It's been two weeks since Election Day and the vote counting continues! This edition of CVF-News highlights several important developments:
- California ballot counting status and turnout;
- Ballot cures and rejections; and
- Election security and transparency achievements.
Congratulations to all the election officials and staff who worked (and continue to work) long hours under extremely challenging conditions to pull off this historic election conducted during a global pandemic. Democracy only works because you do. Thanks also to the millions of voters who turned in their mail ballots early and helped inform their friends and neighbors how to vote safely this election!
- Kim Alexander, President & Founder
California Voter Foundation
California ballot counting status and turnout
Statewide election results are posted and continuously updated on the California Secretary of State's web site. As of today, approximately 17.3 million ballots have been counted and another half million ballots remain to be processed. California will certainly have a record turnout in terms of total ballots cast. Based on the most recent report of registration, it is looking like turnout will be around 80 percent of 22 million registered voters and 71 percent of 25 million eligible voters. This would be the highest turnout of eligible voters since 1952 and the highest turnout of registered voters since 1976.
Ballot cures and rejections
There is still time for voters who forgot to sign their ballot envelopes or whose signatures were found to not sufficiently match their voter registration signature to submit a new signature and get their ballot "cured" and counted instead of rejected.
A preliminary review of challenged signatures conducted by Political Data, Inc. found that at the point when 14.5 million mail ballots had been processed, approximately 21,000 of 50,000 ballot envelopes with nonmatching signatures and 5,000 of 14,000 envelopes with missing signatures had been cured by voters.
Counties have been mailing notifications to voters pre- and post-Election Day and voters have up until two days before their county certifies their results to submit a valid signature (in most counties this deadline is Dec. 1). Voters can verify if their mail ballot was accepted through the BallotTrax web site or by contacting their county election office by phone or using their county's online lookup tools. Many counties provide the form needed to download, sign and print to cure a mail ballot envelope signature on their web sites.
However, there is no cure for late-postmarked ballots. Friday, Nov. 20 is the last day late-arriving ballots can be counted as long as they are postmarked by Nov. 3rd. CVF's recently released rejected ballots report found in Sacramento County's past three elections, most ballots rejected for lateness were due to being postmarked too late, not for arriving too late to count.
A preliminary review of Sacramento's ballots conducted on November 5th found that of the 783 ballot envelopes received that day, 455 of them were postmarked November 4th, one day too late to be counted. There are likely hundreds more ballots in Sacramento County alone that will be received in time but postmarked too late to count. In California's 2020 primary election, approximately 70,000 of the 102,000 rejected mail ballots were rejected due to lateness.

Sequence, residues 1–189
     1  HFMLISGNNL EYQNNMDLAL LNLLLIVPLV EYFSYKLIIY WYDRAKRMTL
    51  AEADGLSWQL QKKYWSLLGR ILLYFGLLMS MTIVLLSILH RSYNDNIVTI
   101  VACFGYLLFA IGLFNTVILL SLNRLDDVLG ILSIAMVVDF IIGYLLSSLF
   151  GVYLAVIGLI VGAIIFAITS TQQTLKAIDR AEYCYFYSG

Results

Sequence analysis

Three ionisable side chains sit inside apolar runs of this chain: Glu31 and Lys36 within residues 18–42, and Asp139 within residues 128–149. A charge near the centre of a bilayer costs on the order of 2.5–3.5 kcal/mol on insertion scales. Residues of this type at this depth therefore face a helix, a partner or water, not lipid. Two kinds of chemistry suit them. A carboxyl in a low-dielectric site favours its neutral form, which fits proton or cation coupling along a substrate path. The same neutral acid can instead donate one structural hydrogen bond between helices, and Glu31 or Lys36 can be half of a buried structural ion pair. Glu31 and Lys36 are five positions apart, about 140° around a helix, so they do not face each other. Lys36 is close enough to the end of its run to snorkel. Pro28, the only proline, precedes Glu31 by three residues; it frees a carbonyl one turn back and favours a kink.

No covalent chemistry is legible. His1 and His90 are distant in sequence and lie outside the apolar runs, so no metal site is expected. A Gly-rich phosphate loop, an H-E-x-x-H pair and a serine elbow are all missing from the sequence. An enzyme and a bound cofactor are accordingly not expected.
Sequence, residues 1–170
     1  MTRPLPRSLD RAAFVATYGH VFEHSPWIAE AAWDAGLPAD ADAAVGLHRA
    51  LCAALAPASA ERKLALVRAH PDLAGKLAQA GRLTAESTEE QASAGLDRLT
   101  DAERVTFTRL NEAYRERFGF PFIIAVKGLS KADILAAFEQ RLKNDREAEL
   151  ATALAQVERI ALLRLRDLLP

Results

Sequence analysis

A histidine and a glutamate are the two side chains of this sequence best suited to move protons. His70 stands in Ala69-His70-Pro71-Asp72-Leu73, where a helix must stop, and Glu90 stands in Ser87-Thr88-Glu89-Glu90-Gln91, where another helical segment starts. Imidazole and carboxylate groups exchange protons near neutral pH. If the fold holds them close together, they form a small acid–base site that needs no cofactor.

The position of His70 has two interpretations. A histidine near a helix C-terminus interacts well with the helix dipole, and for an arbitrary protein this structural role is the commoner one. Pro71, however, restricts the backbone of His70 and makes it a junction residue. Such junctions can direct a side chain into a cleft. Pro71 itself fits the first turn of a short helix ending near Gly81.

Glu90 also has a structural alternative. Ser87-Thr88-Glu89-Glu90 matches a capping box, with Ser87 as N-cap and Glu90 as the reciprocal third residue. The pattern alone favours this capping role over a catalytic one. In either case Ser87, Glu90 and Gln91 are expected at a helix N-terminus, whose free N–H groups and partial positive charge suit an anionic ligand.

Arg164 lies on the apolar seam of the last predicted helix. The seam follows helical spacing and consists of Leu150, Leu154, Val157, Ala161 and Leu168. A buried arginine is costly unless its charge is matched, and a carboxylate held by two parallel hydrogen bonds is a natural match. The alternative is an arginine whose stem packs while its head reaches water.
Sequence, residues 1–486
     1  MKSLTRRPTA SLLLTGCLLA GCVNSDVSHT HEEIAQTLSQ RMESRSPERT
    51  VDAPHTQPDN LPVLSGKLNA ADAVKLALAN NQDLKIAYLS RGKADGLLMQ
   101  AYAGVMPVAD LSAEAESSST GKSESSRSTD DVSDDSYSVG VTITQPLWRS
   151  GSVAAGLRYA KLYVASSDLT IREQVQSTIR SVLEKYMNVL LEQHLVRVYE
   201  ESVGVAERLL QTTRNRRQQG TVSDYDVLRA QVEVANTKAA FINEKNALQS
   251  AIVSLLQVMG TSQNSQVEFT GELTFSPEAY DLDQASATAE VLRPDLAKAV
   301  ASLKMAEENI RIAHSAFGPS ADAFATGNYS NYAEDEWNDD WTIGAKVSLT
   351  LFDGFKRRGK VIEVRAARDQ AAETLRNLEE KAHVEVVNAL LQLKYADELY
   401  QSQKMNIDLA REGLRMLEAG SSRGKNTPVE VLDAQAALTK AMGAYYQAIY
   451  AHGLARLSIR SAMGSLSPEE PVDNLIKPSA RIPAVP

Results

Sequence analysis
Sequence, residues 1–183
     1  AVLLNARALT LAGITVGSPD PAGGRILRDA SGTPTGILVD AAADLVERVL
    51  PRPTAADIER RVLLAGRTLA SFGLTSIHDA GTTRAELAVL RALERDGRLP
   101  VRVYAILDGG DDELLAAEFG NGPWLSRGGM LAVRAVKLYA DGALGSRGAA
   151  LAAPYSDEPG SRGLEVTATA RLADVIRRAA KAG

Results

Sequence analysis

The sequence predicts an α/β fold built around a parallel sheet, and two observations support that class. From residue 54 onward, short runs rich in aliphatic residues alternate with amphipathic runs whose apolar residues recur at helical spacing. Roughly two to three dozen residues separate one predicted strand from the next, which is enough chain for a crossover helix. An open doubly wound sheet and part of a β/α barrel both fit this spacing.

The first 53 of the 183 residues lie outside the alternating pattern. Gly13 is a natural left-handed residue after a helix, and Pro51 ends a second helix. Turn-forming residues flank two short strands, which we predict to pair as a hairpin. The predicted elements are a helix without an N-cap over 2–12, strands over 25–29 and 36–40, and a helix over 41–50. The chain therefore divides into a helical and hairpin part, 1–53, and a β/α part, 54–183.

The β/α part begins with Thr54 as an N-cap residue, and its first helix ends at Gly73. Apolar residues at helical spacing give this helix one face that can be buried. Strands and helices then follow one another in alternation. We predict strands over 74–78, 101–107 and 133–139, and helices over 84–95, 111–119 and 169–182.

Election security and transparency achievements
This election, despite some unsubstantiated claims to the contrary, is widely considered to be a success in terms of security and transparency. The U.S. Cybersecurity & Infrastructure Security Agency's Election Infrastructure Government Coordinating Council Executive Committee issued a statement on Nov. 12 declaring, "The November 3rd election was the most secure in American history".
CVF and numerous other groups worked for years to outlaw paperless electronic voting which began to be widely adopted after the 2000 presidential election. California lawmakers enacted a law in 2004 requiring voter-verified paper audit trails to ensure results could be verified and post-election audits meaningfully conducted. The widespread use of vote-by-mail ballots in this election also ensured that hand-marked paper ballots - which are the most difficult to hack - were widely used.
As reported in the New York Times, to help dispel the myths that are being circulated about fraud, a group of 59 election security experts - including CVF board members David Jefferson and Joseph Lorenzo Hall - released a joint statement debunking these claims, and providing evidence of the security of the election and its results. As they write:
"We are aware of alarming assertions being made that the 2020 election was “rigged” by exploiting technical vulnerabilities. However, in every case of which we are aware, these claims either have been unsubstantiated or are technically incoherent. To our collective knowledge, no credible evidence has been put forth that supports a conclusion that the 2020 election outcome in any state has been altered through technical compromise."
About the California Voter Foundation
The California Voter Foundation is a nonprofit, nonpartisan organization working through research, oversight, outreach and demonstration projects to improve the election process so that it better serves the needs and interests of voters. CVF-News is a free, electronic newsletter featuring news and updates about the California Voter Foundation's projects and activities.